OWASP’s AppSec California aims to be California’s leading app security conference. Going beyond security for security’s sake, it brings together the two worlds of application security professionals and business professionals in order to share and learn from one another. Recognizing Synack as experts in the mobile application security space, Synack was chosen to present two sessions at the conference!
The first session was presented on Wednesday by Colby Moore, one of the Synack R&D ninjas.
Colby presented on:
- *How geo location leakage vulnerabilities occur in mobile applications
- *How they can be detected
- *What users and developers can do to protect themselves
He covered best practices in the areas of proper:
- *Implementation of transport layer security
- *Rate limiting and authentication of APIs
- *Usage of overly precise location data
He demonstrated how seemingly simple vulnerabilities could be combined to geolocate and identify anonymous users through data harvesting, trilateration, and correlation. To show that these geolocation-based vulnerabilities can lead to real-life consequences, Colby presented a detailed case study of geolocation vulnerabilities that Synack uncovered in a common social dating app. Through a variety of broad attacks, he was able to precisely locate and track the application’s user base world-wide and reverse engineer their true identities. View and download the slides at http://syn.ac/appSecCaGeo!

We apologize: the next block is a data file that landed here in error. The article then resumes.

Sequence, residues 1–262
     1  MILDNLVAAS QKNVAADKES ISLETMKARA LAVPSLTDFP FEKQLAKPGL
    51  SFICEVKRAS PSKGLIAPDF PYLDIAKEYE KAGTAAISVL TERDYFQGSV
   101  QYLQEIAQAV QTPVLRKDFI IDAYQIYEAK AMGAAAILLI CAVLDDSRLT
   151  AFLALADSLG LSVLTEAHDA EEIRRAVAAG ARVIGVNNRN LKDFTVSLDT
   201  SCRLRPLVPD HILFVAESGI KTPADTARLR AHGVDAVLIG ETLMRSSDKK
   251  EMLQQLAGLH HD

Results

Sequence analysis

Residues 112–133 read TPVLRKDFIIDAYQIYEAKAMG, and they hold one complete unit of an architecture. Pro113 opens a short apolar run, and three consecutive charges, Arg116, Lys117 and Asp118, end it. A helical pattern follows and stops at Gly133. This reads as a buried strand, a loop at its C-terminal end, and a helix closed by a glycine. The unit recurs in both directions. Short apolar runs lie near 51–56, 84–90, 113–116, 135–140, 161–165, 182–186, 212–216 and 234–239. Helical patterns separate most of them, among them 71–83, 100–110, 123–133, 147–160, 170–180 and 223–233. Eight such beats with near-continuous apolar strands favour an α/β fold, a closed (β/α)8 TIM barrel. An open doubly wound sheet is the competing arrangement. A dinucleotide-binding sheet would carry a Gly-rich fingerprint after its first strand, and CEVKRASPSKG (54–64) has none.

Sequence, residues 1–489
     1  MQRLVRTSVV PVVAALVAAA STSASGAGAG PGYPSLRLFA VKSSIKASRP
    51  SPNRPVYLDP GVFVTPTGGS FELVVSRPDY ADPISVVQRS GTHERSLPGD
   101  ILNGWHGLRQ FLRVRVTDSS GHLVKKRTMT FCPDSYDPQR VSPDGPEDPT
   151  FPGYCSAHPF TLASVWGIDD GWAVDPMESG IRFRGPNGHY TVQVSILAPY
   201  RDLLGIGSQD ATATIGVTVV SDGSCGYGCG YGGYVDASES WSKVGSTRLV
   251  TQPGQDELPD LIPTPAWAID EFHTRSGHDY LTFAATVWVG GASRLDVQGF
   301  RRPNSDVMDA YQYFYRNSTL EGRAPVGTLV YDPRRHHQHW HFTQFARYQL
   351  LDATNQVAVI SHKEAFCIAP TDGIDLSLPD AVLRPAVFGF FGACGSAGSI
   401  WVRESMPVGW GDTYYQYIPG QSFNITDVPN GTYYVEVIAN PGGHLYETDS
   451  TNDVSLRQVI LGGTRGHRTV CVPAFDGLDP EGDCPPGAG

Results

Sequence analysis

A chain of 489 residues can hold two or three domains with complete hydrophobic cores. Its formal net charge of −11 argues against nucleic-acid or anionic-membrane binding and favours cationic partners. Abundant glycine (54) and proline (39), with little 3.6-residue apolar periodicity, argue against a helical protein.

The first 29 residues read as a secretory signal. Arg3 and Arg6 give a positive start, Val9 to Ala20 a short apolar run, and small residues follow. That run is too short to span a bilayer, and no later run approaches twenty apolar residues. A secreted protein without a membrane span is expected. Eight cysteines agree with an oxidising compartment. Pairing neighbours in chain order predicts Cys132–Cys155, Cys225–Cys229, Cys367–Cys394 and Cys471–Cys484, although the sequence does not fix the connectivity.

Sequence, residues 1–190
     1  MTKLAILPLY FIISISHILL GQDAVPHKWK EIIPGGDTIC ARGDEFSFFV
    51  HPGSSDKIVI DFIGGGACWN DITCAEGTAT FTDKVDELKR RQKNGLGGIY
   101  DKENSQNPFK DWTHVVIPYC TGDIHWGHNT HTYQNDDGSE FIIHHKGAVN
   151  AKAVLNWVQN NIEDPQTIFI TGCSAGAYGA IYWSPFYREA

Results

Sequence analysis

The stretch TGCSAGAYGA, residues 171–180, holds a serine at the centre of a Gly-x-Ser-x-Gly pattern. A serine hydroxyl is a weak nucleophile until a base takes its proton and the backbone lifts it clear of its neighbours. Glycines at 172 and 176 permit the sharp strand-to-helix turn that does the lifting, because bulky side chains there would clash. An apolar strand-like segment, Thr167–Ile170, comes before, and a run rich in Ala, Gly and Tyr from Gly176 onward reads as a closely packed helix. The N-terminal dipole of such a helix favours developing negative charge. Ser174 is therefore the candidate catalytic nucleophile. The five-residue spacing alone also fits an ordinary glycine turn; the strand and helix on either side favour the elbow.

On Thursday, Patrick Wardle, Synack’s director of R&D, presented technical deep-dive titled “Uncovering OWASP’s Mobile Risks in iOS Apps”. The session addressed the issue that although mobile apps are ever more ubiquitous, their widespread adoption comes at a cost, as seemingly every week, a new vulnerability is discovered that jeopardizes the security and privacy of mobile users. Since app developers are having a difficult time writing secure apps, reverse-engineers are often the best way to vet the security of application. Unfortunately, at least for iOS applications, reverse-engineering is still viewed by many as somewhat of a black art. The session detailed the process of reverse-engineering iOS apps in order to perform security audits and identified common mobile-specific vulnerabilities (e.g. OWASP Mobile Risks). Specifically, the talk described how to extract an application’s unencrypted binary code, analyze the ARM disassembly, and identify vulnerabilities that commonly affect iOS apps. Real-life cases from iOS applications in the App Store were presented to provide a more ‘hands-on’ feel to the reversing procedure and to show some actual security vulnerabilities. Sounds awesome, right? You can check out the slides at: syn.ac/AppSecCa